Amavi 2018 Syrah (Walla Walla Valley); $ 33, 91 points. This wine is a blend of 32% Stone Valley, 25% Les Collines, 23% Seven Hills, 13% Summit View and 7% Pepper Bridge fruit. Expressive aromas of blueberry, blueberry, coffee, smoked meat and herbs lead to full blue fruit flavors. It’s downright delicious. Give it some time in the cellar to see it at its best. editors Choice.
2019 The Silence Rockgarden Vineyard Syrah Foundation (Walla Walla Valley); $ 38, 91 points. This wine is unmistakably from the Rocks District. The stem influence is straightforward, with hints of grilled asparagus, Stargazer lily, fresh parsley and florals before black and green olives. The palate brings an abundance of savory flavors, with hints of gravel on the finish. Like many wines from this vintage, there is finesse to the touch.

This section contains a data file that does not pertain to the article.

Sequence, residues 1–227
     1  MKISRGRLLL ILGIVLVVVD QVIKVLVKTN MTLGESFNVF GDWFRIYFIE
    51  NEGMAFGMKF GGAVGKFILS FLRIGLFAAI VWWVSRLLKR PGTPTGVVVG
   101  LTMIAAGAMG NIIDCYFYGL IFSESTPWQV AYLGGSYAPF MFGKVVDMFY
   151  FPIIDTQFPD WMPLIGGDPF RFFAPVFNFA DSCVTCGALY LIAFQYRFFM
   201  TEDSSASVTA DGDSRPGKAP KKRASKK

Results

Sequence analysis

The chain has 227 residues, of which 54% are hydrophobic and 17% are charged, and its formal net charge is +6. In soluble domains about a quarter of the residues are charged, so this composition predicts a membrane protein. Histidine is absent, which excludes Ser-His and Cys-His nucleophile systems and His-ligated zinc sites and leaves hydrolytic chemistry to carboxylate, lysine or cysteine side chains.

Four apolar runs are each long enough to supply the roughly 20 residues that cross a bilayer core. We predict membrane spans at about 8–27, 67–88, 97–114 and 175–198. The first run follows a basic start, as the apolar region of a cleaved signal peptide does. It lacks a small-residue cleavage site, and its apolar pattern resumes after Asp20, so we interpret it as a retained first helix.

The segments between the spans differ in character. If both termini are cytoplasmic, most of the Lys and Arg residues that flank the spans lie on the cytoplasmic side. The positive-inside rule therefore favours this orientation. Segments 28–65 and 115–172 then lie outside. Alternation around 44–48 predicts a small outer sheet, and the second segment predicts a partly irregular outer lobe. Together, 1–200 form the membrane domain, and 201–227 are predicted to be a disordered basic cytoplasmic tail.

Gramercy 2018 Les Collines Syrah (Walla Walla Valley); $ 60, 91 points. This wine comes from one of the best Syrah sites in the valley. Lively aromas of fresh herbs are prominent, as well as violet. Beyond are notes of whole orange, tobacco leaf and hints of smoked meat. The palate is elegant and sumptuous. Serve with a pan-seared flank steak.
Revelry 2018 Aerial Series Block 18 Weinbau Vineyard Syrah (Pente Wahluke); $ 48, 91 points. These are clone 174 vines planted in 2005. The aromas are like smelling a glass of wet stones. Behind it are notes of cask spice, coffee, smoked ham and scorched earth. The palate has restrained savory flavors, showing a lot of sophistication.
Efeste 2018 Ceidleigh Estate Syrah (Red Mountain); $ 45, 90 points. This wine still captures a flavorful aspect of this grape on Red Mountain that few others do. The aromas are expressive, with hints of smoked meat, hearth and olive. The palate is smooth and mellow, offering convincing texture and structure.